Tuesday, February 24, 2009

Introductions to the Problem

Dear Senator Laird,
Thank you for introducing legislation (SB240) to address the problem of elder abuse and neglect. I would like to interest you in sponsoring additional legislation in this area to address the needs described below.
Thank you for giving this your thoughtful consideration.

Tom Fields
Mentor, Ohio

A simple introduction to the problem is provided by the following three brief points (with an emphasis on the first point)

----- Point #1 (The Problem) -----
Under normal circumstances, witnessing the signature of a document is little more than a formality. But under some circumstances, such as when someone signs a Will while morphine is being dripped into their veins under a Do Not Resuscitate order, witnessing a document needs to be much more than a formality. Unfortunately, it isn't, and that is one of the outstanding problems which lawmakers have failed to realistically address.

----- Point #2 (A Recommendation) -----
This problem is addressed by a recommendation that was proposed by the American Medical Association and is included on pages 5 and 6 of the Ohio Physicians Elder Abuse Prevention Project Report. Much of this report, including the important pages mentioned here, is copied online, beginning with the report's front cover at

----- Point #3 (Another Recommendation) -----
This problem was also addressed at the White House Conference on Aging by a complementary proposal that is copied online at

Irene Massiello, author of Paradise Costs offers another simple introduction

If a senior citizen cannot explain the need and ramifications of any document whether it is a legal contract, a do not resuscitate order, a will, a power of attorney, a check, a bank transfer, stock sale, etc., the person that accepts the change may be an abuser or exploiter. A senior citizen who simply says, "yes," and agrees, stating they understand the document and/or the situation is NOT be considered to understand the situation or agreement unless they can explain what the paperwork, financial transaction, healthcare decision, etc., means, the reason for it, why it's needed in the way of actual effects now or the eventual outcome on their life. COACHING to obtain an answer from anyone in any form may be elder abuse.

These simple introductions are closely related. One way Irene's important point could be effectively addressed is to begin by identifying the various circumstances under which existing law presumes such a document is not valid. This provides the basis needed to identify seniors who are at risk of being exploited. For example, it is my understanding that the law presumes that such documents are invalid when signed by someone in my father's condition at the time he was exploited (just hours before he died and while morphine was being dripped into his veins under a Do Not Resuscitate order). In order to reliably address such circumstances, the law needs to differentiate them from other situations at the time they arise, long before they are brought before the court in what essentially amounts to a challenge of this presumption. In other words, such infirmities and vulnerabilities must be dealt with by demanding stricter safeguards at the time the important document is signed. What needs to be included in these stricter safeguards, who should be responsible for implementing them, and how should they be implemented? A requirement for the infirm individual to explain, without coaching, the need and ramifications of the document they sign, as Irene addresses, is certainly needed. But to whom should this explanation be given, how should it be solicited, and how should it be recorded? Should it be solicited by the beneficiary, the beneficiary's representative, or someone trying to do the beneficiary a favor, as Dr. Sonneborn testified regarding his connection to what took place at my father's bedside? Specific considerations of this kind need to be developed, a fact which seems to have been recognized two decades ago by those authorities who contributed to the American Medical Association recommendation that is linked above.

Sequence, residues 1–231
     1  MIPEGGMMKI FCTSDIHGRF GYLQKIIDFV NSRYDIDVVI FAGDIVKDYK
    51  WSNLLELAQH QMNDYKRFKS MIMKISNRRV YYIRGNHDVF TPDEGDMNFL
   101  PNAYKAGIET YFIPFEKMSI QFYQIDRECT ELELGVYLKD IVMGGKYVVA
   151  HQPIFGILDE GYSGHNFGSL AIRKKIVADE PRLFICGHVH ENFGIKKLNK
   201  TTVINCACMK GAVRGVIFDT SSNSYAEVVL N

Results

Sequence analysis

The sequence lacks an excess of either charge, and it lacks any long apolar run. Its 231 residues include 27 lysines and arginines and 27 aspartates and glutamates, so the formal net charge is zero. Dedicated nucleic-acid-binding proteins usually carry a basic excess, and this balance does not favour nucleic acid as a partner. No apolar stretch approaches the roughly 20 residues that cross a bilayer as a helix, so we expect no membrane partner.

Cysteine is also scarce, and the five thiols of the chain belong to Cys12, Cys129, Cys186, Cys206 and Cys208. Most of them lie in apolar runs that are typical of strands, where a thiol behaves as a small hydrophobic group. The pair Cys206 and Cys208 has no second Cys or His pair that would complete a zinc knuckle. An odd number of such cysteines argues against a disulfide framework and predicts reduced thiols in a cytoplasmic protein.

In summary, we need our laws to
(1) expressly identify/enumerate/list situations which give rise to a presumption of incapacity, negligence or wrongdoing, and then
(2) provide safeguards like those recommended above when these situations arise, long before they are brought before the court in what essentially amounts to a challenge of this presumption.

Tougher Penalty for Elder Abuse

See also:
Irving Lincoln Fields


Anonymous said...

This proposed legislation would be a start, but since attorneys make up the bulk of legislators, it is probably unlikely to go far. Attorneys are the greatest abusers.

Anonymous said...

Tom Fields is a great advocate for the vulnerable and I am pleased to see his comments posted here.

Anonymous said...

Elder abuse, financial exploitation and undue influence point to power and control over a weaker, vulnerable individual including those on their deathbeds for one purpose: how one (in my opinion a coward) can take advantage of a situation for personal profit, for self enrichment at all costs.

I cannot think of anything more disgusting, disgraceful, more inhumane, more cruel and barbaric than putting love of money, the need for greed above one's self worth, one's conscience with no regard or respect for another's right to die with dignity and the right to have their wishes honored by all.

Offenders wear many masks and costumes including agents of the courts:



Anonymous said...

Thank you, Mr. Fields, for your comments and efforts for reform.